You may be driving home after a night of celebration with a few friends. You see flashing red and blue lights behind you and wonder if you had too much to drink.
After stopping for the police officer, you learn that they spotted you weaving in your lane. As the officer explains they have to test your reflexes, you try to tell them that you have a physical condition that makes balancing difficult.
You can refuse a field sobriety (FST) test in California
In California, drivers who are suspected of being drunk can refuse to take the roadside FST. This state does recognize that some people may not be able to pass the FST, even though they may not be drunk.
California drivers who hold driver’s licenses agree to the field sobriety test. If you refused to take the FST because of your medical issue, you may request a different test at the police department. Blood testing is much more accurate than the Breathalyzer test.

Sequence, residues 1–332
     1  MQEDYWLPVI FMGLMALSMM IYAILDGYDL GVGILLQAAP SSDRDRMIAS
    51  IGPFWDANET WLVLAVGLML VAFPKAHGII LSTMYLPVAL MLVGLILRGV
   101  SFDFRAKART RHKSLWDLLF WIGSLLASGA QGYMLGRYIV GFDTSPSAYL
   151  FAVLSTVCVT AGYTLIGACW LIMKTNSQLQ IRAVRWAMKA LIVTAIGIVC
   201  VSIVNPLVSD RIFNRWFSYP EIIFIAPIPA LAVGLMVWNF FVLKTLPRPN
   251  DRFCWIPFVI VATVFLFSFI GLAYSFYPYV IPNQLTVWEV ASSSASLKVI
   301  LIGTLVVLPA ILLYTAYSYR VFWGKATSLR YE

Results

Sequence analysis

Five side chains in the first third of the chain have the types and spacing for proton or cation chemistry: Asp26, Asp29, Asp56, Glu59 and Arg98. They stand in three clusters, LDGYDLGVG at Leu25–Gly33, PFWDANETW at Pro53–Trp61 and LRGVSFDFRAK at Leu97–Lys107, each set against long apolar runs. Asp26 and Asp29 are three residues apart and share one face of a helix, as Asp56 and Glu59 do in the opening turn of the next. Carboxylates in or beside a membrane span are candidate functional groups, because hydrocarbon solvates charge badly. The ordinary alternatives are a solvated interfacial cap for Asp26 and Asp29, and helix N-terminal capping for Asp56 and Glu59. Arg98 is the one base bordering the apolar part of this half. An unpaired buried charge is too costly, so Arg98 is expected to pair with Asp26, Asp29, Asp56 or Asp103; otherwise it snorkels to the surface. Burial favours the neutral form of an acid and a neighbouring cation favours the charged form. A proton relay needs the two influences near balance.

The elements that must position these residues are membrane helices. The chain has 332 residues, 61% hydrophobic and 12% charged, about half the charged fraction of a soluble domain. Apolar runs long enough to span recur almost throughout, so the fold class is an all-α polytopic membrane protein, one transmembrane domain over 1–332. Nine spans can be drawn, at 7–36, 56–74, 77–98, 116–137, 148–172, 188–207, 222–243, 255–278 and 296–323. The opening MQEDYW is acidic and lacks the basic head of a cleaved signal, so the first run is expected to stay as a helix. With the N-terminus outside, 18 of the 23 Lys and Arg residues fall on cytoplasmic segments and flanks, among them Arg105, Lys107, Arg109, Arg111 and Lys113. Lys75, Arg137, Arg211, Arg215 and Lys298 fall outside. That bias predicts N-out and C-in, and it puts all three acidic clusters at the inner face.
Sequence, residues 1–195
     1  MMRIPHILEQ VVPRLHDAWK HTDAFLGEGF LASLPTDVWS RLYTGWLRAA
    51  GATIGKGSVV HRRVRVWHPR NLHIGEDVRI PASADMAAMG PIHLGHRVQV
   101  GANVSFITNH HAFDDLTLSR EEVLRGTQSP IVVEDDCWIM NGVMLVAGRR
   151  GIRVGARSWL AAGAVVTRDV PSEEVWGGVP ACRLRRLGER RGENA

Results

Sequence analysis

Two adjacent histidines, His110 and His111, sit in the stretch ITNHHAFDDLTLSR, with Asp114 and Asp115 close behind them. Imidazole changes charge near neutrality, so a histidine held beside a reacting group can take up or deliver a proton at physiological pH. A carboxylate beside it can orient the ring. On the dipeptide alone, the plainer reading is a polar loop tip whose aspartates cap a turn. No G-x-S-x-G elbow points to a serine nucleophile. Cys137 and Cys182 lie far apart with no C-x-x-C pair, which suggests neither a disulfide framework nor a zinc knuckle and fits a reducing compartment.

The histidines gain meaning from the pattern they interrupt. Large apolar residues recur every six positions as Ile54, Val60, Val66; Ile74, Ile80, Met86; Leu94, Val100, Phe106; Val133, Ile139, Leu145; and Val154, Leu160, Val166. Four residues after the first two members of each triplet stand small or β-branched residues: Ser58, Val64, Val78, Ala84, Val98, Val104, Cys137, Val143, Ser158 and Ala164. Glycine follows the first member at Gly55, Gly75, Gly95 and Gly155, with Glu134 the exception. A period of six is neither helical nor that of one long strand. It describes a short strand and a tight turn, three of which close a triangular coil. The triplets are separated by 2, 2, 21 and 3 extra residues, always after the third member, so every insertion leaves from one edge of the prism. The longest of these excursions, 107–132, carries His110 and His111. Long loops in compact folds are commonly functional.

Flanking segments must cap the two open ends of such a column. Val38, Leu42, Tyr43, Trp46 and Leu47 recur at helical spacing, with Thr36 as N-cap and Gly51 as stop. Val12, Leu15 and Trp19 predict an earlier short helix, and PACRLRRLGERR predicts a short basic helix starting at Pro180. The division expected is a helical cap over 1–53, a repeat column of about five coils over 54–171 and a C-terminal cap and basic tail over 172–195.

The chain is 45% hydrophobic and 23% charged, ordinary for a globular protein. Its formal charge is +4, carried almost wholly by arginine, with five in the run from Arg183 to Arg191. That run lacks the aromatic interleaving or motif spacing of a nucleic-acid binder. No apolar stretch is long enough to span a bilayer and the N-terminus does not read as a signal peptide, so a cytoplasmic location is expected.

Roadside field sobriety tests are not 100% accurate. They may not take your medical issues into consideration, which means you may automatically flunk one or more of these tests.
- Horizontal gaze nystagmus checks your ability to follow an object that moves left to right with your eyes
- One-leg stand checks your ability to stand on one leg and keep your balance without falling
- Walk and turn checks to see if you are able to walk heel-to-toe in a straight line
Medical conditions that may skew your field sobriety test
If you have an inner ear condition or infection, this affects your balance. You may fall while trying to balance. Skeletal disorders affect your ability to pass the heel-to-toe test. A neurological injury may cause you to fail the horizontal gaze nystagmus test.